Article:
There’s a new campaign patch to be worn by U.S. military personnel taking part in ‘Operation Inherent Resolve,’ and which feels like a case of political correctness to me. For now, only 3,335 member’s of U.S. Army are authorized the patch, which is to be displayed on the sleeve of the left shoulder.
As the Army Times reports:
“The Army’s patch features crossed scimitars, a palm wreath and stars. The scimitars, short swords with curved blades, are meant to symbolize the twin goals of the U.S.-led coalition: to defeat the Islamic State, also referred to as ISIL, and to restore stability in the region, according to Army documents.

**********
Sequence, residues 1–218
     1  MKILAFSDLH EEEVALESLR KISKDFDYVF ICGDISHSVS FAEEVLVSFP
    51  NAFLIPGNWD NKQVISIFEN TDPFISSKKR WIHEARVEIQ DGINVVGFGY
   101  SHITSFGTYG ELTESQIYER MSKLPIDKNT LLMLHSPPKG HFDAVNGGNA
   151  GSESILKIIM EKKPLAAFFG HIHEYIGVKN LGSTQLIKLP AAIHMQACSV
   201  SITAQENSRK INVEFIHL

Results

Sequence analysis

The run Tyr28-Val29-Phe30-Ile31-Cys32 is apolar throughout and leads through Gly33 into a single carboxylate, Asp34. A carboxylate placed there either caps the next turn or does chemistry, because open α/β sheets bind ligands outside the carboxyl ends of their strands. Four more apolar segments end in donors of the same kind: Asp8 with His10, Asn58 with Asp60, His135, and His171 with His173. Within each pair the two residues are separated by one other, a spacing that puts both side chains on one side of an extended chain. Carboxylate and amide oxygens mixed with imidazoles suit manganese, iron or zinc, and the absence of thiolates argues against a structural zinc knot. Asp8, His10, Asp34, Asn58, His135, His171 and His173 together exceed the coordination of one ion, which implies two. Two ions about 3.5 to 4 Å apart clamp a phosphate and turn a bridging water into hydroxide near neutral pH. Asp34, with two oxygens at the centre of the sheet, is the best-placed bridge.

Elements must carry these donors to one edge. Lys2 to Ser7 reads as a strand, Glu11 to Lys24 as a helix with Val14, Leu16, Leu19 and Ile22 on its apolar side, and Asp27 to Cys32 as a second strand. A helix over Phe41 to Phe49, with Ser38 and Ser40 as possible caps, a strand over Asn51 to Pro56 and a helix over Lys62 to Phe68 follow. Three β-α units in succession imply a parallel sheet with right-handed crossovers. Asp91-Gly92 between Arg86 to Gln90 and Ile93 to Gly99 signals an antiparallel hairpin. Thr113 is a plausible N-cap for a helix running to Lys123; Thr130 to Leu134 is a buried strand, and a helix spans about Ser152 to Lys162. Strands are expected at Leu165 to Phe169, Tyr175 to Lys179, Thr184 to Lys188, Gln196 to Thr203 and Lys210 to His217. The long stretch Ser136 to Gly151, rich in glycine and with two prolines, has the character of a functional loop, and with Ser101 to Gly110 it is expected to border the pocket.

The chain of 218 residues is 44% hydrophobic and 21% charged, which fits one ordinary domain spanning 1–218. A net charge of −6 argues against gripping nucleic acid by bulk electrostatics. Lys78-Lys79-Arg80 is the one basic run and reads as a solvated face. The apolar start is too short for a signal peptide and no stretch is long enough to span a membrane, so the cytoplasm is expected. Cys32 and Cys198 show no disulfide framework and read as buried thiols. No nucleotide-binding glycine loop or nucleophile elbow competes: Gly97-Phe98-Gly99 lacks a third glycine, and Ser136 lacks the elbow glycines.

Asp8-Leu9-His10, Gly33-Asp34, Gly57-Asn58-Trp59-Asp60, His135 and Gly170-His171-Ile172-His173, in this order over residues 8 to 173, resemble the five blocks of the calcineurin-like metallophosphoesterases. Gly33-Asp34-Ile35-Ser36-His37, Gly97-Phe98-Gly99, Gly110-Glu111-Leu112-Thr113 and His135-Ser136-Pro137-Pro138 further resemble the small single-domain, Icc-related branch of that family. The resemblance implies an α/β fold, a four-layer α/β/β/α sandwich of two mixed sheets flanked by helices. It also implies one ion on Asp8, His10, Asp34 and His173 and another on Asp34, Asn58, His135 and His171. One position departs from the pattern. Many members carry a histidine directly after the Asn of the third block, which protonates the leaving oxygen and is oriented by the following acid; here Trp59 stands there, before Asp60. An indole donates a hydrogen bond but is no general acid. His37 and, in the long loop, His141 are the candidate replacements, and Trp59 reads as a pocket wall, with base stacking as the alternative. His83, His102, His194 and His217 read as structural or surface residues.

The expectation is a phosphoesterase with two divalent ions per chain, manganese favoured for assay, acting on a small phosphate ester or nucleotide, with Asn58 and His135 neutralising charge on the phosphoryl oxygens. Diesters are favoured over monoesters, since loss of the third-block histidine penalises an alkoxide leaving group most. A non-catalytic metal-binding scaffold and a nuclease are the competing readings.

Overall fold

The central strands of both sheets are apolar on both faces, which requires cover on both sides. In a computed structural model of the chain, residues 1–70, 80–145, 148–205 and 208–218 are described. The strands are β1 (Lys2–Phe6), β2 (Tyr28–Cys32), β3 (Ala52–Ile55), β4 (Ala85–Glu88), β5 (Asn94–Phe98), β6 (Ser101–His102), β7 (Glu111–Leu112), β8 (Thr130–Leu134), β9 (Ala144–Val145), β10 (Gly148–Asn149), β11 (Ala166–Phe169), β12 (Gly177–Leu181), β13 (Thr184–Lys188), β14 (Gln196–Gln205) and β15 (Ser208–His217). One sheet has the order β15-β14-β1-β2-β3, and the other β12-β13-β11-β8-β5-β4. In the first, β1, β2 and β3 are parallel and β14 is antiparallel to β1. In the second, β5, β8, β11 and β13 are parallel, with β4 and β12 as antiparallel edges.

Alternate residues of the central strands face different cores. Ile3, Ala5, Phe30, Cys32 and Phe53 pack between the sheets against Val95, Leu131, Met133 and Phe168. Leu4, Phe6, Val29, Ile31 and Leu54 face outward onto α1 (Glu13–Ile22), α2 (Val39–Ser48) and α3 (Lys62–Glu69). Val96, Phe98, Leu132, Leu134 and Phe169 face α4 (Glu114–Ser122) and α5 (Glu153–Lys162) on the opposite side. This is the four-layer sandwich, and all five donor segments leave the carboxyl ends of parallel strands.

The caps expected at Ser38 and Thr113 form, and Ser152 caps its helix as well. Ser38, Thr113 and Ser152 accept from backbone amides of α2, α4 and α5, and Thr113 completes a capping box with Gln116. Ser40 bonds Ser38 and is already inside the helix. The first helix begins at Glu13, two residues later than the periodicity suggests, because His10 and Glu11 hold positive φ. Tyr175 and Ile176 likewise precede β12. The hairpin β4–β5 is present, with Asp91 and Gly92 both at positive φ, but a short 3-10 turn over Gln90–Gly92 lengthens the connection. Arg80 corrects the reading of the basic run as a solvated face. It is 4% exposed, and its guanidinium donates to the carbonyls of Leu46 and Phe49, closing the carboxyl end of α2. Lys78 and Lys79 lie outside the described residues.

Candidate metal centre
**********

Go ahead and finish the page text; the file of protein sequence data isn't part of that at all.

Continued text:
The palm wreath is symbol of honor. While the stars and the buff-and-blue colors on the patch indicate the three-star command and the land, air and sea forces involved in the fight.
Scimitars and palm wreaths have appeared on patches from previous periods of war in Iraq. Saddam Hussein also favored the look, building a grand sculpture called the Arc of Triumph to commemorate the Iraq-Iran War in the 1980s.”
It’s interesting to note that there’s no U.S. symbols on this patch and if you turn it sideways, there is a crescent and three stars, which is closely associated with the Ottoman Empire and the last Caliphate.